All eligible London, Capital & Finance (LCF) bondholders will be contacted with an offer of compensation within six months of the government’s redress scheme going live this week.
In an announcement yesterday (November 3), the Financial Services Compensation Scheme confirmed it will administer the redress scheme on behalf of the government.
Bondholders will be contacted by the lifeboat scheme by April 20, 2022, with payments expected to begin later this month.
The scheme launched yesterday after it was first announced in April that the government would pay 80 per cent of bondholders’ principal investment in eligible bonds, up to a maximum of £68,000.
But the amount of compensation due to individuals will be reduced if they have received interest on their bonds, distributions from the insolvency administrators (Smith & Williamson) or prior compensation from the FSCS.
The government stated: “Where bondholders accept the offer of compensation under the scheme, FSCS will automatically take over all remaining rights they might have against LCF. This means that bondholders won’t be able to make their own claim in the insolvency of LCF, except in certain circumstances.”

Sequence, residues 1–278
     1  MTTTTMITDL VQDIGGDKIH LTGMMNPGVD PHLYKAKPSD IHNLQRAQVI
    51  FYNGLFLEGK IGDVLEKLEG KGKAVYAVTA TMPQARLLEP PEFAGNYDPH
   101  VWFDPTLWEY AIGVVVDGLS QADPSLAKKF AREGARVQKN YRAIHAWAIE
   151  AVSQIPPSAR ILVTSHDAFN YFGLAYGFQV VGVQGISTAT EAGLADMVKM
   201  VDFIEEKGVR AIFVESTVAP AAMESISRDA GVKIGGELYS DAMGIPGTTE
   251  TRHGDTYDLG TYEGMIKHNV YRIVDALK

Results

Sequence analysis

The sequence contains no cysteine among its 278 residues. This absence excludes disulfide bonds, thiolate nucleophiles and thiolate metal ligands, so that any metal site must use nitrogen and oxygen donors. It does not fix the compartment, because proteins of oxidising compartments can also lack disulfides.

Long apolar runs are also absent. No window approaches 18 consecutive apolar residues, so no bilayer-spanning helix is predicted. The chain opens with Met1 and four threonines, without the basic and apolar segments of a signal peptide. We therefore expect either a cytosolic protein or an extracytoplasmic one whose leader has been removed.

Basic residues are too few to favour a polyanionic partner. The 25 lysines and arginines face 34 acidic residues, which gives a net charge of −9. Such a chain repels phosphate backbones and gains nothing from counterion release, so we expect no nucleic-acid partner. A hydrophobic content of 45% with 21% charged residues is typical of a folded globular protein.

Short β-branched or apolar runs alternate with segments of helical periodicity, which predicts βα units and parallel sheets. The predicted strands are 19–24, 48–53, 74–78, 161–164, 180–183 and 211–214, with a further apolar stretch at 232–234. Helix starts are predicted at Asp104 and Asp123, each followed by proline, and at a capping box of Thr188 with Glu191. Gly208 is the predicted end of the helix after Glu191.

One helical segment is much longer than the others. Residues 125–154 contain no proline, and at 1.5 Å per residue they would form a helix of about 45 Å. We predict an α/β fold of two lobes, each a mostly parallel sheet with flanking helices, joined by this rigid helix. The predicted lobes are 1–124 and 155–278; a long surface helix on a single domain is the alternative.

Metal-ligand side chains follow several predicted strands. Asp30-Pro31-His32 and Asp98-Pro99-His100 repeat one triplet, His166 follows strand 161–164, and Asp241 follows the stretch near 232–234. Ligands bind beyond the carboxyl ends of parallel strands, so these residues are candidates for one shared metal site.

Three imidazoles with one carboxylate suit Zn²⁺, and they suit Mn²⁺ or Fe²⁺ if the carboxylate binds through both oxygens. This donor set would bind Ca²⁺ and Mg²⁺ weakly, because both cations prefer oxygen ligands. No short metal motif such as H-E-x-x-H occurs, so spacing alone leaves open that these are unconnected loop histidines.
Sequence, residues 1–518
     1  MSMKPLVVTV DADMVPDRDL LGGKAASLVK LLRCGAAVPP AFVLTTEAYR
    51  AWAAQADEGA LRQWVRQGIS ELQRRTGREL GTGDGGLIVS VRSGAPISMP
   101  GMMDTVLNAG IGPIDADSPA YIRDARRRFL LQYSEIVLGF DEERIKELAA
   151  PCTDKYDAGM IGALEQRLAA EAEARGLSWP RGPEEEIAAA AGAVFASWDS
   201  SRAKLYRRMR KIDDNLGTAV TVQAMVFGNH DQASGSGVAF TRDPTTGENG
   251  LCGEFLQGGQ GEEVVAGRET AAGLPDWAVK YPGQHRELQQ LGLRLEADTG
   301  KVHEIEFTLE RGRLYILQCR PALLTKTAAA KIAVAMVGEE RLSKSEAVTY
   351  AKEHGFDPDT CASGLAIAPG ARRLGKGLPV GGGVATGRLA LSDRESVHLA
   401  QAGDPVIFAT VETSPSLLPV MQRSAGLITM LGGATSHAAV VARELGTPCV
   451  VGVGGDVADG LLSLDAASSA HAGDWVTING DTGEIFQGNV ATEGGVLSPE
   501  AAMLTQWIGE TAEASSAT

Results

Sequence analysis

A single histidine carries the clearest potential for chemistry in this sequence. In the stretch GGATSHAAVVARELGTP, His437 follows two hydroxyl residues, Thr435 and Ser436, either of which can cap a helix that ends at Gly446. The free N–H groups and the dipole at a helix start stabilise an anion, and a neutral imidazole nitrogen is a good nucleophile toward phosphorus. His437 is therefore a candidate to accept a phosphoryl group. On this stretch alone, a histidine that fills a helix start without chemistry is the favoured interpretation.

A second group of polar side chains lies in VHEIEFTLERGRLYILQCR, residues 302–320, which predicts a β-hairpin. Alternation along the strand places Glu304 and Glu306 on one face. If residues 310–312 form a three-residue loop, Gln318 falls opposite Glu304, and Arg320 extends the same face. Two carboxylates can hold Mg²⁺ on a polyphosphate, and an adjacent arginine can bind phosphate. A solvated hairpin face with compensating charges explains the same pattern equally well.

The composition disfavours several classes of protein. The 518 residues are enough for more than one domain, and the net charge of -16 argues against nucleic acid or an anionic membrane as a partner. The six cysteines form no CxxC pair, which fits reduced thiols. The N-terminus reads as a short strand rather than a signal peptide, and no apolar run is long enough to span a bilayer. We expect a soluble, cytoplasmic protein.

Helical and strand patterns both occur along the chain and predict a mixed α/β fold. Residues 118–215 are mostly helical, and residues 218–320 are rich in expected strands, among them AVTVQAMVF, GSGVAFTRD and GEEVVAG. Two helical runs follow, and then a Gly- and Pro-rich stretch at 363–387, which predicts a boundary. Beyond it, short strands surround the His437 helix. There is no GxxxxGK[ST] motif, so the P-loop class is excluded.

Individuals have six months to accept an offer of compensation otherwise they will give up their right to compensation unless there are exceptional circumstances, the government added.
LCF entered administration in 2019 owing more than £230m and putting the funds of some 14,000 bondholders at risk.
A report by Dame Elizabeth Gloster published in December found the FCA had shown "significant gaps and weaknesses" in its policies and practices ahead of LCF's collapse.
The investigation also found the regulator could have done more to protect investors in LCF and its handling of information from third parties regarding the business was "wholly deficient".
The FCA said it was “very sorry for the errors we made in our handling of this case” and that it was committed to implementing each of the recommendations Dame Gloster made in her review.
In June, the Treasury committee labelled the Financial Conduct Authority’s handling of London Capital and Finance “one of the largest conduct regulatory failures in decades” and urged the FCA to implement a change in culture to protect consumers and financial markets.
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